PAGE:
When Gladys Ngetich was told in a meeting, ‘You don’t look like an engineer,’ she went home wondering what an engineer was supposed to look like.
As a research student studying mechanical engineering she has got used to fighting stereotypes and being something of a trailblazer. Studying for a degree in mechanical engineering in Kenya, she was one of eight women in a class of 80.
She says of her first year, “most of the guys in our class thought we would not make it”, but she graduated with a first class degree.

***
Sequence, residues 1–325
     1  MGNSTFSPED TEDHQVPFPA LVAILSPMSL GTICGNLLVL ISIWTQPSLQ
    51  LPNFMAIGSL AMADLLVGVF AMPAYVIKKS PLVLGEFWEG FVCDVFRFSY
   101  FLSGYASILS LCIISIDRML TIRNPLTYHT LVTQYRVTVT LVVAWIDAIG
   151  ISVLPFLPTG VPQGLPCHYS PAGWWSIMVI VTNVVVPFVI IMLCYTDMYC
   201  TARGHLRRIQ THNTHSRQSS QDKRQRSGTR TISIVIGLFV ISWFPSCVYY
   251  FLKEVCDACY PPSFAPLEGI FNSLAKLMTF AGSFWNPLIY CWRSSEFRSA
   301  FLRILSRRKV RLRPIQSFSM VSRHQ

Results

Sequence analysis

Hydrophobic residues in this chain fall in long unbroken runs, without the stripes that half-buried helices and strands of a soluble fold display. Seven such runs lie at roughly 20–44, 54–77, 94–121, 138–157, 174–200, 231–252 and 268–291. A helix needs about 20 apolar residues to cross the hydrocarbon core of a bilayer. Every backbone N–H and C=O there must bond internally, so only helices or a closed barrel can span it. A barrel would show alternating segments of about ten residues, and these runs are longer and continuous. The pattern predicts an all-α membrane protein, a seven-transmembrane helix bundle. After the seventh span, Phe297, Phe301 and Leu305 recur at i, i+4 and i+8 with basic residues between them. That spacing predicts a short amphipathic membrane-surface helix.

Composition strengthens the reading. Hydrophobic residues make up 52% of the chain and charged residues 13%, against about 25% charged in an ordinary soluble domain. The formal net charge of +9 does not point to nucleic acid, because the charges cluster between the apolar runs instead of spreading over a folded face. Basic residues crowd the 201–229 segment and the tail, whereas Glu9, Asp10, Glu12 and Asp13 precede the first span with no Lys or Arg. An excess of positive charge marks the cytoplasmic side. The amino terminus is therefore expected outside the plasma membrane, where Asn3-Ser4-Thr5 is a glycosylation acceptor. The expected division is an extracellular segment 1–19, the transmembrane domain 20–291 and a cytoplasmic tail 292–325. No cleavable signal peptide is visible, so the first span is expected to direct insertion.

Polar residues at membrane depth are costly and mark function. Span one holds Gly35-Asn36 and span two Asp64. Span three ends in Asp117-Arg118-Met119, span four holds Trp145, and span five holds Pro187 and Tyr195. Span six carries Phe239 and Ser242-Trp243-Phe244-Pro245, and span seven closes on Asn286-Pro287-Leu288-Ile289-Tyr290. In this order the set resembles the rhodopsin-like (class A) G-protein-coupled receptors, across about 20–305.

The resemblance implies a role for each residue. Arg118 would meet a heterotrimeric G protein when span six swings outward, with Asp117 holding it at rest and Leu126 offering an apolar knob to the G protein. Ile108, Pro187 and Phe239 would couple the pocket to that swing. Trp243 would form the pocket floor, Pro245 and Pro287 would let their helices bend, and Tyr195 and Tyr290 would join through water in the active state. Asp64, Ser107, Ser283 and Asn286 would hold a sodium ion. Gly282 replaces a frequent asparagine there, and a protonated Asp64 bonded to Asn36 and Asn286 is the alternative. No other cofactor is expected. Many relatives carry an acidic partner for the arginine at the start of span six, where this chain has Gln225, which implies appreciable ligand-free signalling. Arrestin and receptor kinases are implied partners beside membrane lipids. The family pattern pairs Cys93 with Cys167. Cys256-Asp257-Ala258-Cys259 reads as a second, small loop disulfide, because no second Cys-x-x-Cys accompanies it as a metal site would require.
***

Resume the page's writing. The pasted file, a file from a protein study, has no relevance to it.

Currently completing her PhD in aerospace engineering at the University of Oxford, she has just won a 2019 Schmidt Science Fellowships to investigate space science technologies that support sustainable development.
Inspired by women like Prof Bell Burnell, she wants to help inspire a new generation of engineers.
“What keeps me going is the fact that someone has to scribe a new path, someone has to start walking to pave the way for someone else,” she says. “I’m hoping there will be a trail of women coming after me – and hoping they won’t have to prove themselves so much.”